An attorney who tries to control the divorce case often has problems because the attorney makes a number of assumptions which may not match up with the client's needs and expectations.  If you are looking for an attorney, I recommend that you find one who will listen to you and help you define and pursue your specific needs and interests. Listen to the attorney if he/she says your objective may be a bad or costly idea. You will be much happier with the result. 

Tuesday, January 7, 2014

Why are Divorce Outcomes Different in "Similar" Cases?

When people go through divorces, they usually turn to family and friends for comfort and support.  That's normally good. However, when family and friends also give advice about how to handle the legal issues, there's usually trouble.  Non-lawyers often find it easy to assume that what is true in one person's divorce will also be true in their divorce. And that's usually NOT true!

If you are going through, or are about to go through, a divorce and you are hearing "legal" advice from family and friends, here are some reasons why the advice will probably be wrong.

1.  Beause the facts and circumstances were probably different from your situation.  Some factors that may influence the outcome include:
  • Responsibility for the problems.  The outcome can be influenced by one party being primarily responsible for a major problem, such as wasting money or other assets, having an affair or being uncooperative and causing problems regarding the kids, for example.
  • Length of marriage.  The shorter the marriage, usually the less spousal support is ordered.
  • Actual earnings and earning potential.  If both spouses make similar wages, there probably won't be much support exchanged.  If there is a big difference in earnings, there may be support.
  • Children or no children.  That changes the issues and sometimes the resources that can be divided.  Having children also adds a number of potential issues.
  • The type and extent of assets.  That has a big effect on how and how much is divided. Bills could be paid and cash could be distributed, if there is cash or cash flow.  If not, finances will be tight.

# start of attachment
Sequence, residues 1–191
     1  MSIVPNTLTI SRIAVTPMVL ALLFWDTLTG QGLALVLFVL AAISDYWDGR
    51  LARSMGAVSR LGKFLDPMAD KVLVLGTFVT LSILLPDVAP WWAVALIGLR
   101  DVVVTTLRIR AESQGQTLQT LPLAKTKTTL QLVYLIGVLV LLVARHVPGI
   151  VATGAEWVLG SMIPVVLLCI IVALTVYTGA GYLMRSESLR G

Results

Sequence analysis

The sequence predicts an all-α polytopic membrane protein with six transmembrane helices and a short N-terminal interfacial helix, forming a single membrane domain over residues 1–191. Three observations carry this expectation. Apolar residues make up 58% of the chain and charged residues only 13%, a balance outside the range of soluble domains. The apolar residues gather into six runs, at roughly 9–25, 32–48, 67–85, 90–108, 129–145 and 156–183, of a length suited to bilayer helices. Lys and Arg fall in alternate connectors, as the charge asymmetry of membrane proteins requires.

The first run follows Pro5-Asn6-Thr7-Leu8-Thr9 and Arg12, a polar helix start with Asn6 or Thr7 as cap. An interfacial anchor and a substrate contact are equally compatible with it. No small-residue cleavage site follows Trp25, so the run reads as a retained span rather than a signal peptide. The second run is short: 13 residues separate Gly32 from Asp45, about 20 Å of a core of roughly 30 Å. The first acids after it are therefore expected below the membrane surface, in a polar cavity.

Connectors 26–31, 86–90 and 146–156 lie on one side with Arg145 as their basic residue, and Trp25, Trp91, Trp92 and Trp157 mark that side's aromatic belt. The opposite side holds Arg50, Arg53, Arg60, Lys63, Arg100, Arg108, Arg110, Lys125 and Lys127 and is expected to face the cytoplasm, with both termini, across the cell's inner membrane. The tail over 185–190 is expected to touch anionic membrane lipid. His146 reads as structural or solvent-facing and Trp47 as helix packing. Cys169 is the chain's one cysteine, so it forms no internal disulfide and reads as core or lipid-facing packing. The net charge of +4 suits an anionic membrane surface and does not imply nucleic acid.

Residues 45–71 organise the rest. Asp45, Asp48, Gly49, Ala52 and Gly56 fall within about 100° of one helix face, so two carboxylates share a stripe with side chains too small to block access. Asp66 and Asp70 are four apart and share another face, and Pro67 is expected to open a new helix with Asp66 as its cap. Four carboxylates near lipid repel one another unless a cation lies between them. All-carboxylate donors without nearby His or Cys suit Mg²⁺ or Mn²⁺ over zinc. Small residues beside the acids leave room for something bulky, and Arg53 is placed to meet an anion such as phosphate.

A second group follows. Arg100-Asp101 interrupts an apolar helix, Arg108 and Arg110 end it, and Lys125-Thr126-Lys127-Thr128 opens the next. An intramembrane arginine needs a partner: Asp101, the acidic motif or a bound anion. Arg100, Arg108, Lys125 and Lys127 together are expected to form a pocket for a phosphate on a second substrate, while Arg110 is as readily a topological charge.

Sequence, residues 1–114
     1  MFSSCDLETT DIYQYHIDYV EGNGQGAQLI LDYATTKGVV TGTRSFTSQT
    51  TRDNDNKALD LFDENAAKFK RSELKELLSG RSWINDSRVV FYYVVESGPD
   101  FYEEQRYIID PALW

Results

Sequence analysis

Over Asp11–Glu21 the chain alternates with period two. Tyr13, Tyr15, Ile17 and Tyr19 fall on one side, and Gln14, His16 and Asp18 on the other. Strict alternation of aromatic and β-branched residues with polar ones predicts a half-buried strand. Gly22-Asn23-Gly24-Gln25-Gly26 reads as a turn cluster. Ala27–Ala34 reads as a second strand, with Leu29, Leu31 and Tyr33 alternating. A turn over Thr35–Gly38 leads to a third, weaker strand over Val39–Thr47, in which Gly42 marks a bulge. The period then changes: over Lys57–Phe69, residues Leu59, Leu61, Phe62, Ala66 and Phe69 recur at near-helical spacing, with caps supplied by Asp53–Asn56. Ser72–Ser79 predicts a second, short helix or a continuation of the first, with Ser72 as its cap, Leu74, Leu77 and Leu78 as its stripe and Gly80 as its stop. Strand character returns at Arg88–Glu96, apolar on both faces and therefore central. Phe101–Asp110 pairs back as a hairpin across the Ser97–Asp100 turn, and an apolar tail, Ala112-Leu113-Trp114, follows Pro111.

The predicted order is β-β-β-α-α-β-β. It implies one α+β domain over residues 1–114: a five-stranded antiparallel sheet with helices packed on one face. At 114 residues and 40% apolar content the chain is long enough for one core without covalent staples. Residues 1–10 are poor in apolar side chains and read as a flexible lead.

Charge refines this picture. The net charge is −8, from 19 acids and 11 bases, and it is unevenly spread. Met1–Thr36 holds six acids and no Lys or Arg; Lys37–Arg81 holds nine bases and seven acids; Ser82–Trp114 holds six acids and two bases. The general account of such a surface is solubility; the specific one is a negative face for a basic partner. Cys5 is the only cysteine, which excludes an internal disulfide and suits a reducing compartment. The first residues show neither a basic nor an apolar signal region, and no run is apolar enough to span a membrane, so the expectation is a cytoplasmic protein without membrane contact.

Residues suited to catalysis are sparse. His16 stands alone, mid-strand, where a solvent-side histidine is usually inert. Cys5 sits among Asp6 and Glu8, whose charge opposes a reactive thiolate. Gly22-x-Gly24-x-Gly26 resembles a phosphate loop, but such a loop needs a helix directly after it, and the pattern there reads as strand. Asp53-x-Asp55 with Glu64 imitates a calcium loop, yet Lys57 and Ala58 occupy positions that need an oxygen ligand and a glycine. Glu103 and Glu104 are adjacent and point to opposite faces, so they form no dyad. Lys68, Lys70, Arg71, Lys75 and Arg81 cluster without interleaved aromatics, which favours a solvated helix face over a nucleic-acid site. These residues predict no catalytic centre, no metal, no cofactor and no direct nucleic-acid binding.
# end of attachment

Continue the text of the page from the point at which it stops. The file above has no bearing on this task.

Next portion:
• Health.  If one or both parties have health issues, that will probably affect the responsibilities they have and the assets to be divided.
  • Education of the parties.  More education usually will lead to better jobs and income.  Less education is often associated with less income.  That may have an effect on how the assets are divided.
         There are many other possible facts and circumstances that vary from case to case which will affect the outcomes.

2.  Being in a different court, with a different Judge, may mean a difference in which issues are important.  For example, some Judges will overlook adultery, while others make it a central, determinative issue that greatly affects the division of property.  Each Judge has different hot buttons and focuses on different issues.

3.  Willingness of one party to accept less can have a huge effect. Often, one party is much more anxious to get the divorce over with than the other is.  The more anxious party often will agree to many more concessions than the other party will.

4.  Lack of money can also determine the outcome.  While Judges try to equalize the funds for attorneys usually, it doesn't always work out that way.  Usually the deeper pockets will be able to come out better.

5. Different attorneys approach things differently.  Two attorneys, like Judges, will often see the same case with different issues and outcomes.  One attorney may try to max out the recovery while a different attorney will focus on getting a reasonable amount of assets without breaking the bank or without causing damage to family relationships.

There are always 2 or 3 or a dozen ways to handle a given case.  Don't assume that your case will come out a certain based on how a "similar" case you heard about was resolved.

Instead, hire an attorney you are comfortable with and come to an understanding about how you will approach the case, and then work to stay on target.  Come up with your own plan instead of assuming that the result is predetermined!